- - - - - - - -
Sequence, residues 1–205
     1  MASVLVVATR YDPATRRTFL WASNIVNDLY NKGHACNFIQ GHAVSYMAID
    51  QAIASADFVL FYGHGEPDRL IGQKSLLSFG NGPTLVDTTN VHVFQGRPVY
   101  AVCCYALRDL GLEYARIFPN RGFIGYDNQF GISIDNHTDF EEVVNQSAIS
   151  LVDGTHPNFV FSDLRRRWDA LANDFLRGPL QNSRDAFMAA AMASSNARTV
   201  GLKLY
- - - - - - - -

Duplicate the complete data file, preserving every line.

Sequence, residues 1–205
     1  MASVLVVATR YDPATRRTFL WASNIVNDLY NKGHACNFIQ GHAVSYMAID
    51  QAIASADFVL FYGHGEPDRL IGQKSLLSFG NGPTLVDTTN VHVFQGRPVY
   101  AVCCYALRDL GLEYARIFPN RGFIGYDNQF GISIDNHTDF EEVVNQSAIS
   151  LVDGTHPNFV FSDLRRRWDA LANDFLRGPL QNSRDAFMAA AMASSNARTV
   201  GLKLY